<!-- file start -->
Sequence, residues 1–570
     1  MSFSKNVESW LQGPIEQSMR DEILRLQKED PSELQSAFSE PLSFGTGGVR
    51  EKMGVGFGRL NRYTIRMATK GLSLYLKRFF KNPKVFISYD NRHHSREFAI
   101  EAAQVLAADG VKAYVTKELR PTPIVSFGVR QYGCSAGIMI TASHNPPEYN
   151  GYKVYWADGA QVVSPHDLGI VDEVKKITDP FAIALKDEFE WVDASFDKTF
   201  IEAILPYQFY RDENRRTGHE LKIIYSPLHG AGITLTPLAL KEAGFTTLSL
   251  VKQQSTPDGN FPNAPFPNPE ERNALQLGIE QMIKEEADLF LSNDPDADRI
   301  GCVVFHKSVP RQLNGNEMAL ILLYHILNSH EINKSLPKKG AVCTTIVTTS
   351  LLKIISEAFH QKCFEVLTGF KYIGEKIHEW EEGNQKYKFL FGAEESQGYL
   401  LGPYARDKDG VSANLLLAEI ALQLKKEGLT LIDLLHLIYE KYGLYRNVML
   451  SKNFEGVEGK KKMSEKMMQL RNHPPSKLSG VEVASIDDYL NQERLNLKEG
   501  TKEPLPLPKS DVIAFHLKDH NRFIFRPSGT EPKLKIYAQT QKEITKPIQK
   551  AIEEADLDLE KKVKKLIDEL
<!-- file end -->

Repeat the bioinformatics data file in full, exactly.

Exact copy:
Sequence, residues 1–570
     1  MSFSKNVESW LQGPIEQSMR DEILRLQKED PSELQSAFSE PLSFGTGGVR
    51  EKMGVGFGRL NRYTIRMATK GLSLYLKRFF KNPKVFISYD NRHHSREFAI
   101  EAAQVLAADG VKAYVTKELR PTPIVSFGVR QYGCSAGIMI TASHNPPEYN
   151  GYKVYWADGA QVVSPHDLGI VDEVKKITDP FAIALKDEFE WVDASFDKTF
   201  IEAILPYQFY RDENRRTGHE LKIIYSPLHG AGITLTPLAL KEAGFTTLSL
   251  VKQQSTPDGN FPNAPFPNPE ERNALQLGIE QMIKEEADLF LSNDPDADRI
   301  GCVVFHKSVP RQLNGNEMAL ILLYHILNSH EINKSLPKKG AVCTTIVTTS
   351  LLKIISEAFH QKCFEVLTGF KYIGEKIHEW EEGNQKYKFL FGAEESQGYL
   401  LGPYARDKDG VSANLLLAEI ALQLKKEGLT LIDLLHLIYE KYGLYRNVML
   451  SKNFEGVEGK KKMSEKMMQL RNHPPSKLSG VEVASIDDYL NQERLNLKEG
   501  TKEPLPLPKS DVIAFHLKDH NRFIFRPSGT EPKLKIYAQT QKEITKPIQK
   551  AIEEADLDLE KKVKKLIDEL